With the demolition of the famous "nail house" in Chongqing and acceptable compensation having been guaranteed for its owners, the door has now shut on a landmark case for individual property rights protection. The "nail house" became a national symbol as media efforts zeroed in on the struggle for justice.
Demolished 'Nail House' Raises Questions
The battle may be over, but the memory of the nail house incident in Southwest China's Chongqing Municipality is likely to linger on.
Forty-nine-year-old Wu Ping and her 51-year-old husband Yang Wu only wanted to get what they thought was adequate compensation for the small building where for years they had lived and run a restaurant. The site had been targeted for demolition to make way for a shopping center.
But it was the sight of their two-storey house perched atop a tall, thimble-shaped spur of land that stirred up a media frenzy during the past fortnight. The couple's home was soon dubbed the "nail house" in reference to the Chinese way of describing the stubborn couple who just did not want to move.
Lessons from 'Nail House'
With the demolition of the famous "nail house" in Chongqing and acceptable compensation for its owners, the door closed on a landmark case for the protection of individual property rights.
The case tested the issue of relocation compensation in disputes caused by real estate development. The "nail house" became a national symbol as media efforts zeroed in on the struggle for justice.
After more than two years of confrontation between the owners of the house and real estate developers, the two sides reached an agreement moderated by the local court.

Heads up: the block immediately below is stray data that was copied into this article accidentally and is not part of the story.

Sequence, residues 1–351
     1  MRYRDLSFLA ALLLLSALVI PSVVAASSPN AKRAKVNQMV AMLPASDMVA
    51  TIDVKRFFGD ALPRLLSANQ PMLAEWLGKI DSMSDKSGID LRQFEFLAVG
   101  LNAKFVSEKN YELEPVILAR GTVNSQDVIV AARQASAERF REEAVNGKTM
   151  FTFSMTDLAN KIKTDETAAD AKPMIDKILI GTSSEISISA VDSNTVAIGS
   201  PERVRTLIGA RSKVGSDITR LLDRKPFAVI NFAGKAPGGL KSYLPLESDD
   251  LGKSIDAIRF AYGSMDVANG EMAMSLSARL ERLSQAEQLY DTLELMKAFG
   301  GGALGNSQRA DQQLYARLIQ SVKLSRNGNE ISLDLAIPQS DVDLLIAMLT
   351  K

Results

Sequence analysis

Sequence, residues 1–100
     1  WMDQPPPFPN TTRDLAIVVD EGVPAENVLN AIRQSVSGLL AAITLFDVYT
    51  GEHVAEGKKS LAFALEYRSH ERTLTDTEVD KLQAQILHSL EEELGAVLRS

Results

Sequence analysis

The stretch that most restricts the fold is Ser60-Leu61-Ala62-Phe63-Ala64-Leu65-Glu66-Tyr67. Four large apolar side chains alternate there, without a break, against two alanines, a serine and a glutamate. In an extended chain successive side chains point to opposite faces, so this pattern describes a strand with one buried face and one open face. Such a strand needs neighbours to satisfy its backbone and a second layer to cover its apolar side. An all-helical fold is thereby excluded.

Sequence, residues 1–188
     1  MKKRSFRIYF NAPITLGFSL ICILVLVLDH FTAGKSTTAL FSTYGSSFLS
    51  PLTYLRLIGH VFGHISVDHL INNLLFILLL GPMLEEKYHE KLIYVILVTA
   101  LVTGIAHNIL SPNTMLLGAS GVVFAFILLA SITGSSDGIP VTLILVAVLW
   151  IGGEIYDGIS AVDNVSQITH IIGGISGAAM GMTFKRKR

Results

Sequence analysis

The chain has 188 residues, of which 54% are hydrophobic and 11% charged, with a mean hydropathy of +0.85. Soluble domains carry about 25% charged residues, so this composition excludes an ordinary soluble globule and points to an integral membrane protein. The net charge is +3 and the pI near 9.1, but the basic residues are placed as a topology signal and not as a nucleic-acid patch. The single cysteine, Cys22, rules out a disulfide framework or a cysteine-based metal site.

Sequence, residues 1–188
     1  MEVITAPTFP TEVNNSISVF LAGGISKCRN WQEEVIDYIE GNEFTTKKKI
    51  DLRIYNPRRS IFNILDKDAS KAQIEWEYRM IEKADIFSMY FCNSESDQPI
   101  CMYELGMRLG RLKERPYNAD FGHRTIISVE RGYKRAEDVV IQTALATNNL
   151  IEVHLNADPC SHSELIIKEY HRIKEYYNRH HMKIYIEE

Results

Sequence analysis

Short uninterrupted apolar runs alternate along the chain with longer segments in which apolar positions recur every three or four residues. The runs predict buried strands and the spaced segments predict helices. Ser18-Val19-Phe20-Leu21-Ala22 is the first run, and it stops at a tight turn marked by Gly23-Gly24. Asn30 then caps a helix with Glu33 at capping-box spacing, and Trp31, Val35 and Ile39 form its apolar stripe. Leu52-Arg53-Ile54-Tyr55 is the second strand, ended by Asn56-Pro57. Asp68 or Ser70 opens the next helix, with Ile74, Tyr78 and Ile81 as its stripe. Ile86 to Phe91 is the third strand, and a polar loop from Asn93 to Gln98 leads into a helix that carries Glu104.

The case served as a rehearsal for dispute settlements concerning private property under the new Property Law, which becomes effective in October.
Detailed Compensation Pact for 'Nail House' Revealed
Yesterday, a local court in southwest China's Chongqing Municipality held a press conference and revealed the detailed compensation agreement between the developer and the couple, whose house was demolished Monday night.
The husband and wife whose home and business were left marooned on a spike of land in the middle of a construction site have agreed to end their dispute with developers.
The couple will be compensated an additional 900,000 yuan (US$115,385) for the loss of their business, the local court revealed at a press conference on Tuesday.
The developer, Chongqing Zhirun Real Estate Co. Ltd., will compensate Wu Ping and Yang Wu for 30 months of losses at a rate of 30,000 yuan (US$3,846) per month, said Yang Guang, an official with Jiulongpo District Court.
The court, as an intermediary, mediated the dispute between the couple and the developer on Monday afternoon. The final agreement was reached at 4 PM on Monday.
Beijing Demolishes 'Nail House' at CCTV Tower Construction Site
Beijing authorities on Tuesday demolished a so-called "nail house" at the construction site of the new China Central Television (CCTV) Tower, which is currently about half completed.